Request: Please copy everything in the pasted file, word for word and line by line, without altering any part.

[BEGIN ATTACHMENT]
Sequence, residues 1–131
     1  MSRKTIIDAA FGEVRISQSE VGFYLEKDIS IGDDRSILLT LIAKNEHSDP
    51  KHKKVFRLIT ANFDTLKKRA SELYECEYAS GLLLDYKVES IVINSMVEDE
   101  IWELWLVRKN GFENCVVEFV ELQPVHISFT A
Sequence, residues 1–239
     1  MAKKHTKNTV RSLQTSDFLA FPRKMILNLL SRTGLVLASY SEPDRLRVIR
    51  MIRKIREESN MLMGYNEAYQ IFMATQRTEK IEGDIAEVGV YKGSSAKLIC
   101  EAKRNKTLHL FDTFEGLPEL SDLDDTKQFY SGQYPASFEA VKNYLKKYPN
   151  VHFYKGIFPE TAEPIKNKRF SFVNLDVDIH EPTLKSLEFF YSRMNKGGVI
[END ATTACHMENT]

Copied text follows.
Sequence, residues 1–131
     1  MSRKTIIDAA FGEVRISQSE VGFYLEKDIS IGDDRSILLT LIAKNEHSDP
    51  KHKKVFRLIT ANFDTLKKRA SELYECEYAS GLLLDYKVES IVINSMVEDE
   101  IWELWLVRKN GFENCVVEFV ELQPVHISFT A
Sequence, residues 1–239
     1  MAKKHTKNTV RSLQTSDFLA FPRKMILNLL SRTGLVLASY SEPDRLRVIR
    51  MIRKIREESN MLMGYNEAYQ IFMATQRTEK IEGDIAEVGV YKGSSAKLIC
   101  EAKRNKTLHL FDTFEGLPEL SDLDDTKQFY SGQYPASFEA VKNYLKKYPN
   151  VHFYKGIFPE TAEPIKNKRF SFVNLDVDIH EPTLKSLEFF YSRMNKGGVI